Monday, September 30, 2013

Characterizing Wilderness!!


A blog post by Danny Savage

Located in southwestern Montana, the Anaconda-Pintler Wilderness is stunning.  Designated in 1964, the Anaconda-Pintler was one of the first areas to be deemed wilderness.  It now has a total of 158, 615 acres.  Elevations range from 5,100 ft. to the 10,793 ft. West Goat Peak.  In the lower elevations, one can find sagebrush and willow flats before rising to forests of fir, pine, and spruce as well as aspen, sub-alpine larch, and whitebark pine.
            The Wilderness Act of 1964 defines wilderness as “...untrammeled by man, where man himself is a visitor who does not remain.  (It is) Federal land retaining its primeval character and influence, without permanent improvements and human habitation…’wilderness areas’…shall be administered…so as to provide for protection of these areas (and)…the preservation of their wilderness character…” The Wilderness Act goes on to state “…each agency administering any…wilderness shall be responsible for preserving the character of wilderness.”  However, the Act does not give guidelines for preserving wilderness character.  If we read the characteristics of wilderness as described by the Act, we can get a sense of what we can do to preserve wilderness character.  The characteristics of wilderness, as defined by the Act, are untrammeled, undeveloped, natural, and opportunities for solitude or primitive and unconfined recreation. 
            Founded in 1975, the Wilderness Institute’s mission is to further understanding of wilderness and its stewardship through education, research, and service.  The Wilderness and Civilization Program is part of the educational component.  Another thing that the Wilderness Institute does is wilderness character monitoring.  This past summer, they monitored the Anaconda-Pintler, hiking 208 trail miles and recording 147 weed patches (8 species), 120 hikers, 76 recreation sites, and 47 pikas.  Field measures are just one aspect of wilderness character monitoring, which helps inform proposed actions and impacts.  There was one section of trail remaining for the Wilderness Institute to monitor in the Anaconda-Pintler so the Wilderness and Civilization students traveled to help finish the job.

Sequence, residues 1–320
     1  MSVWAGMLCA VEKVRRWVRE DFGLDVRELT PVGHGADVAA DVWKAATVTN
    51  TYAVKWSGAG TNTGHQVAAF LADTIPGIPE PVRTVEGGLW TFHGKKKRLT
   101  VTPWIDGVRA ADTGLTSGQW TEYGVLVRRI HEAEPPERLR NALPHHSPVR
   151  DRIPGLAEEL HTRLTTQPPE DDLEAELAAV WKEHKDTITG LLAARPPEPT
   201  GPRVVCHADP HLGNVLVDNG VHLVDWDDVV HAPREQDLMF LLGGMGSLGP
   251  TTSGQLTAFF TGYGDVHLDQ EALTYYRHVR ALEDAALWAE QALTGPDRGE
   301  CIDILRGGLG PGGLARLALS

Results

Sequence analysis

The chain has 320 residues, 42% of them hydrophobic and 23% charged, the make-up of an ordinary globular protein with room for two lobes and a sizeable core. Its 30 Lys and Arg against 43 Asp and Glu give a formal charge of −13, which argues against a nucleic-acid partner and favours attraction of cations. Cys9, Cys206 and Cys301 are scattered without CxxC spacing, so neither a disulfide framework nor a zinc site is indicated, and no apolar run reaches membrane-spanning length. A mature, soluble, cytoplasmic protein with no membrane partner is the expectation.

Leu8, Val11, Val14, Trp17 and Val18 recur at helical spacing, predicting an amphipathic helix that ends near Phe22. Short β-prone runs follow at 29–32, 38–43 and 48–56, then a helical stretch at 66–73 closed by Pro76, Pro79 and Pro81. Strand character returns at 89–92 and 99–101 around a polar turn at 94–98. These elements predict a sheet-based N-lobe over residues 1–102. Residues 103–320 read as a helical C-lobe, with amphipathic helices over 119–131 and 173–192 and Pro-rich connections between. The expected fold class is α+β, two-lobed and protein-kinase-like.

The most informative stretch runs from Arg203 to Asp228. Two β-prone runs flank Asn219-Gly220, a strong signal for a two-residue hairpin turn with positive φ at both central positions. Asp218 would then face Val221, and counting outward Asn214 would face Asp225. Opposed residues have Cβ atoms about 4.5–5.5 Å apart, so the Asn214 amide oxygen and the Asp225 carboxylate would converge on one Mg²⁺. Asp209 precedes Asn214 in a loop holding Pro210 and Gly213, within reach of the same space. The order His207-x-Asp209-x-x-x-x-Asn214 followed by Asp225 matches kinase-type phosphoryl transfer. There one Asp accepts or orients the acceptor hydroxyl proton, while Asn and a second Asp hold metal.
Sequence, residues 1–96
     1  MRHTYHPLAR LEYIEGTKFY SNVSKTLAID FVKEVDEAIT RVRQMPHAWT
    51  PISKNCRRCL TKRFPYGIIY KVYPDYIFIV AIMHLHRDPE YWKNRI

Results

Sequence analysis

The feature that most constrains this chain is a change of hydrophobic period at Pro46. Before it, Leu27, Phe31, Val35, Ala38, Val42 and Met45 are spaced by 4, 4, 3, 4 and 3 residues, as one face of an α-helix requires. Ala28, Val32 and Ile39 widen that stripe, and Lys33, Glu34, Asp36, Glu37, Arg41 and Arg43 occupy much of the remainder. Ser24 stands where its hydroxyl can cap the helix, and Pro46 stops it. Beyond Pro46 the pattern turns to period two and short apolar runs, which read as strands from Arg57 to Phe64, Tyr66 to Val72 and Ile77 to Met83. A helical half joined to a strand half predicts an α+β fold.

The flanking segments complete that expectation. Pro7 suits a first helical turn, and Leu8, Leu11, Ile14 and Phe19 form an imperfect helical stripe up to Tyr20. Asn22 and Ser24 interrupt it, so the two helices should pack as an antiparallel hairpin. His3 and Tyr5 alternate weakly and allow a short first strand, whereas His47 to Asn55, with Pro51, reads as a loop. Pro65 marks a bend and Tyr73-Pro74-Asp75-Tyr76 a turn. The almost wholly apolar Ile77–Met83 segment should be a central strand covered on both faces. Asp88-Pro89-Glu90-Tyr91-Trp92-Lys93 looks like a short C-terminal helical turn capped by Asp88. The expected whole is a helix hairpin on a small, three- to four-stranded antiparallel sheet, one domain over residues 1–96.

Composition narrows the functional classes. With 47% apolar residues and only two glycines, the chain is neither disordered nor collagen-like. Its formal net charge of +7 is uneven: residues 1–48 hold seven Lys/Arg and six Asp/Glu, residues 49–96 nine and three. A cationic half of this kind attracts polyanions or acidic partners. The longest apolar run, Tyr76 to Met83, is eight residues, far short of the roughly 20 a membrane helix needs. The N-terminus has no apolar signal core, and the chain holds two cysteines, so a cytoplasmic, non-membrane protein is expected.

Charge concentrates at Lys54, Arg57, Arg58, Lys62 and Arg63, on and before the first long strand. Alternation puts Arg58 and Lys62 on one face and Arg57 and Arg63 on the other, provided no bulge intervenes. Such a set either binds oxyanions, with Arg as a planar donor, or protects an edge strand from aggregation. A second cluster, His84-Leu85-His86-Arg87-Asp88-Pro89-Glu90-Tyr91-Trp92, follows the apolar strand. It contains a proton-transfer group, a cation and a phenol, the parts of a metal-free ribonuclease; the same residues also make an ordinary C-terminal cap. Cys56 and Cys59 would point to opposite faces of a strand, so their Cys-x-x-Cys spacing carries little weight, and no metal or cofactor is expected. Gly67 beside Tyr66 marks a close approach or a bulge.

On Friday, September 20, we separated into two groups.  One group hiked straight to our campsite while the other group monitored along the trail.  Using a GPS and a pen and paper, we recorded such things as noxious weeds, signs, trail quality, wildlife evidence, and sounds outside of the wilderness such as airplanes.  The hike, about 5 miles or less, had some steep ascents.  I was particularly impressed by the grassy, wet meadows that we encountered at fairly high altitudes during the hike.  When we arrived at the campsite below East Goat Peak, it was nearly dark.  The site itself was gorgeous with a nice stream and a stunning cluster of old trees. 
            On the following morning, we hiked up to East and West Goat Peaks.  The hike was incredible with turquoise alpine lakes, a little snow on rocks, and two summits that provided panoramic views of the mountains and lakes around us.  It was very cold up there.  I am glad I was prepared with enough layers.  I felt so alive and free!
            On the following morning, we searched for pikas at the foot of the rocky hills leading up East Goat.  We saw at least four of the cute, furry, little creatures.  After, we hiked out of the wilderness.  This time, I was with the group who hiked straight to our destination while the other group monitored.  Along the trail, we saw a lot of evidence of wildlife, including moose and bear tracks and scat as well as a bear’s skull and bones.  Even though it was short, this field trip was awesome and was what I needed to clear my mind from the worries that come with civilization.





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